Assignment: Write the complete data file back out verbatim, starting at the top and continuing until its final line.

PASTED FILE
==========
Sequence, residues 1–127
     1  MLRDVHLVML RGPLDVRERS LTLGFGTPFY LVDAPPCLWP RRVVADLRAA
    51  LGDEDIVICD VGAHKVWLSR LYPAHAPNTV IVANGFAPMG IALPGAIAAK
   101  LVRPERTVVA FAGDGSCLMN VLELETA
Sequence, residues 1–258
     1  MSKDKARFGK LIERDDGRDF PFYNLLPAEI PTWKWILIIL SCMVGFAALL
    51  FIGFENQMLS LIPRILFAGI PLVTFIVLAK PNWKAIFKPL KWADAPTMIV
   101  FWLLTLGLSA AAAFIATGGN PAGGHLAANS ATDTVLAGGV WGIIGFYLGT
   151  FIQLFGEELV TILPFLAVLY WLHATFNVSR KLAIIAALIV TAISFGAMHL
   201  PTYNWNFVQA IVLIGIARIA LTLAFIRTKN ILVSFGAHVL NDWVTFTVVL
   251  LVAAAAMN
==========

Sequence, residues 1–127
     1  MLRDVHLVML RGPLDVRERS LTLGFGTPFY LVDAPPCLWP RRVVADLRAA
    51  LGDEDIVICD VGAHKVWLSR LYPAHAPNTV IVANGFAPMG IALPGAIAAK
   101  LVRPERTVVA FAGDGSCLMN VLELETA
Sequence, residues 1–258
     1  MSKDKARFGK LIERDDGRDF PFYNLLPAEI PTWKWILIIL SCMVGFAALL
    51  FIGFENQMLS LIPRILFAGI PLVTFIVLAK PNWKAIFKPL KWADAPTMIV
   101  FWLLTLGLSA AAAFIATGGN PAGGHLAANS ATDTVLAGGV WGIIGFYLGT
   151  FIQLFGEELV TILPFLAVLY WLHATFNVSR KLAIIAALIV TAISFGAMHL
   201  PTYNWNFVQA IVLIGIARIA LTLAFIRTKN ILVSFGAHVL NDWVTFTVVL
   251  LVAAAAMN